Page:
Given its success, I would say that Odysseus's plan to escape from Polyphemus is a pretty good one. His intuition that Polyphemus (who is now blind) would feel the tops of his sheep as they left the cave, in order to make sure that the men were not riding them out or trying to sneak out beside them, is particularly impressive. Knowing the Cyclops would do this, Odysseus lashes three sheep together and secures one man underneath them so that when Polyphemus feels the sheep's backs, he only feels wool (with the men hidden well underneath). Further, his realization that they must incapacitate but not kill Polyphemus evidences some pretty sound judgment as well. The relatively small men need Polyphemus to roll aside the stone in front of the cave's door, or they will be trapped inside until they eventually starve to death. All in all, Odysseus's plan goes remarkably well; it is when he does something that he does not plan on—mock the monster he just blinded—that things start to go wrong.

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What do you think of Odysseus' plan for escaping from Polyphemus? Explain.

Given the circumstances, the plan appears to be pretty solid to me.  Given that there literally was no way for them to simply sneak past him, their plan to use the sheep hides as a way of tricking him into thinking that they are the sheep and will allow them out after he moves the stone, important since they cannot move the stone themselves.

Of course the additional part of the plot in making sure that they had referred to themselves as "nobody" became aparticularly vital once they had escaped fromo the cave and Polyphemus was calling for help.

The only part that was clearly stupid, wasn't necessarily part of the plan but when Odysseus decided he ought to taunt Polyphemus, he invited disaster.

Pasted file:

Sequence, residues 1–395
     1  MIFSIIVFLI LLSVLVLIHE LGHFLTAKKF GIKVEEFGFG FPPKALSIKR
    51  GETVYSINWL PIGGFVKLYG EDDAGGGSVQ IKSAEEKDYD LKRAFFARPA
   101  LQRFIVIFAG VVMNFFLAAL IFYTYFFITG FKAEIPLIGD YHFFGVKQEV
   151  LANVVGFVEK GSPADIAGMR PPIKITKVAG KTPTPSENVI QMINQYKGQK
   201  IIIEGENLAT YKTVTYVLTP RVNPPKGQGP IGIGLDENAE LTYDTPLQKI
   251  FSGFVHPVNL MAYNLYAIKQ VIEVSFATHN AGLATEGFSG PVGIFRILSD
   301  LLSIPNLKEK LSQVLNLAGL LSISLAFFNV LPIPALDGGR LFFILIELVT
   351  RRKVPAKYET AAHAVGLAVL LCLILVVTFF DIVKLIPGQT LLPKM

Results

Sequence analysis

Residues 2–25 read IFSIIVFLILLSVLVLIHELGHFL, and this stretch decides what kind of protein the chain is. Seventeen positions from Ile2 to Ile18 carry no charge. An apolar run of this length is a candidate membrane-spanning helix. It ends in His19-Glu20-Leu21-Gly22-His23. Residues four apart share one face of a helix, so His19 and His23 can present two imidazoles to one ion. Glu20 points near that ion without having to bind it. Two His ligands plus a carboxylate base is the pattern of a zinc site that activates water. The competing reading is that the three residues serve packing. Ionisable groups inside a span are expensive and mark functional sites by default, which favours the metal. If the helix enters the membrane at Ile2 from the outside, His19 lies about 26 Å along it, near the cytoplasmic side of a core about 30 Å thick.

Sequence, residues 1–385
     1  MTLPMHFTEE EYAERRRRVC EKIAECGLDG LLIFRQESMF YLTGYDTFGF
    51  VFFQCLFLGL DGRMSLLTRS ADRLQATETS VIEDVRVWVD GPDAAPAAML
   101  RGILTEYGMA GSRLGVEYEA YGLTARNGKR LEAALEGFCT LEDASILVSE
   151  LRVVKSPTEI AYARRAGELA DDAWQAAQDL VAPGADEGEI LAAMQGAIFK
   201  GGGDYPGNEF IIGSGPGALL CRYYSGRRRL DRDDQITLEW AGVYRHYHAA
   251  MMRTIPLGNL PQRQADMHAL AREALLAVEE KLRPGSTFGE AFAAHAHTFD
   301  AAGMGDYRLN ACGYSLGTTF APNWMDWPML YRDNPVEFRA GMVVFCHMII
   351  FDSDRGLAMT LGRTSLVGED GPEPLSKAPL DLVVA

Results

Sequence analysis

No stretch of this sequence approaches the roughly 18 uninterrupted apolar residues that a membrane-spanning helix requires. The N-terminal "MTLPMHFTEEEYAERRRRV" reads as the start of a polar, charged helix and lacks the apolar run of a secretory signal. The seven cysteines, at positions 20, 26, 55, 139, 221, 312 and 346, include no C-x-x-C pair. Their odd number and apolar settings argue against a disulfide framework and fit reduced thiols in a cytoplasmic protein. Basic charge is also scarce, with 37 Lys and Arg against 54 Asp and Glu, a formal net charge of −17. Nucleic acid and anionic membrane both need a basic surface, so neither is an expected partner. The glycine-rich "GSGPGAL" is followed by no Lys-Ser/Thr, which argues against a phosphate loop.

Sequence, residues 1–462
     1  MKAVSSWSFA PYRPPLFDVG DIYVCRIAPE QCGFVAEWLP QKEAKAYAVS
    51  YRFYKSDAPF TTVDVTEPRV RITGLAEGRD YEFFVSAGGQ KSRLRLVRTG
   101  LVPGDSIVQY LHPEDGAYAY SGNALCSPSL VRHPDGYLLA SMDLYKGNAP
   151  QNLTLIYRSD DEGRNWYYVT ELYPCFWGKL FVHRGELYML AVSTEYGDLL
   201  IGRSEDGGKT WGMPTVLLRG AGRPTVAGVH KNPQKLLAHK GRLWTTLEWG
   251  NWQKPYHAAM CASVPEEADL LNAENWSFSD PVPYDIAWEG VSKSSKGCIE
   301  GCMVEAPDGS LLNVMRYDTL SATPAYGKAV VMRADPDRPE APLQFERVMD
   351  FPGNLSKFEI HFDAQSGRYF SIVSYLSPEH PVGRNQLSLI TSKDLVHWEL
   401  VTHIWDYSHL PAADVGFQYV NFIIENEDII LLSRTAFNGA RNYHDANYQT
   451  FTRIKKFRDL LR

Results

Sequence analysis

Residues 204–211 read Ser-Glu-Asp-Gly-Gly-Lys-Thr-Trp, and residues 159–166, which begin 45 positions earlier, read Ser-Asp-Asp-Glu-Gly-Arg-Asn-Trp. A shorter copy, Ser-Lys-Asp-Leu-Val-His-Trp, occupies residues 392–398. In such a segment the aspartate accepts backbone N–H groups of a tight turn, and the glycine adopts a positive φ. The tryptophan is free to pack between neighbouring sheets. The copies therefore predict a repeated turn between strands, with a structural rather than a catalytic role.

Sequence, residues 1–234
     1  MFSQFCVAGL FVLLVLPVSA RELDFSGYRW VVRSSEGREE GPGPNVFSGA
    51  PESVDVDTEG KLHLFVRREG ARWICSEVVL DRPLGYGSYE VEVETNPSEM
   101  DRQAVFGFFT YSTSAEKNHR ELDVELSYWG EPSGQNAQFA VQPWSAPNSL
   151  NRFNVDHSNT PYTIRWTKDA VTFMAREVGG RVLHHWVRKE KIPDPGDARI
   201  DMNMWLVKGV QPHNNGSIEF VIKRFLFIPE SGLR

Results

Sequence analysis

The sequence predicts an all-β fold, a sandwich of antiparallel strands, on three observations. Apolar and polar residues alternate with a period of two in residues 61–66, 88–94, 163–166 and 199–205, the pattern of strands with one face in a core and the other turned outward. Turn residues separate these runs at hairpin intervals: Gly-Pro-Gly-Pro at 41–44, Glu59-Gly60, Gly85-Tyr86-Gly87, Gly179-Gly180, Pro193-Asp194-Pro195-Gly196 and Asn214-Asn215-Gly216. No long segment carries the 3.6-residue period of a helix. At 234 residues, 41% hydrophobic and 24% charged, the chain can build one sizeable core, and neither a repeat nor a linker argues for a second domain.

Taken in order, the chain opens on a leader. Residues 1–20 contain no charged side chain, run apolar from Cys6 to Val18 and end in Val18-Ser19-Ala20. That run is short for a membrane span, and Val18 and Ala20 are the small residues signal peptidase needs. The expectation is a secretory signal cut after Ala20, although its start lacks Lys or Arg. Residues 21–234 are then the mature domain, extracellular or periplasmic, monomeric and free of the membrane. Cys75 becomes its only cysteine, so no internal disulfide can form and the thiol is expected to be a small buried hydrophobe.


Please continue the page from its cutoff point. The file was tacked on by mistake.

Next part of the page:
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In The Odyssey, how do Odysseus and his men escape Polyphemus?

Returning from the Trojan War, Odysseus and his men stop off at an island where Cyclopes, one-eyed giants, live. They take refuge in a cave, only to learn that it is the home of one of the monsters, Polyphemus. The creature rolls a stone over the door, trapping the men, and begins eating two of them each night. During the day, while the giant is gone, Odysseus and his remaining men sharpen the trunk of an olive tree into a spike. That night Odysseus offers the giant wine so he will sleep soundly. In a drunken state, Polyphemus asks Odysseus his name, and he replies, "My name is Nobody."

While the Cyclops is asleep that night, the men climb onto his chest and drive the spike into Polyphemus's eye, blinding him. The Cyclops calls out for help to his brothers. They rush to the cave and shout back, asking him what is wrong. He replies, "Nobody is hurting me," so his brothers leave without helping.

Even though he is now blind, the giant is still a threat because he keeps the men imprisoned in the cave by rolling the stone across the door every day when he brings his sheep to pasture. He pats them on the back as they exit the cave to make sure the men aren't riding the sheep. After observing this, the men figure out a way to outsmart Polyphemus. The next time he opens the cave to let the sheep out, they cling to the underbellies of the animals. Though Polyphemus pats each seep, he does not detect the stowaways. They flee to their ship, and Odysseus calls back, "I'm not Nobody. I'm Odysseus."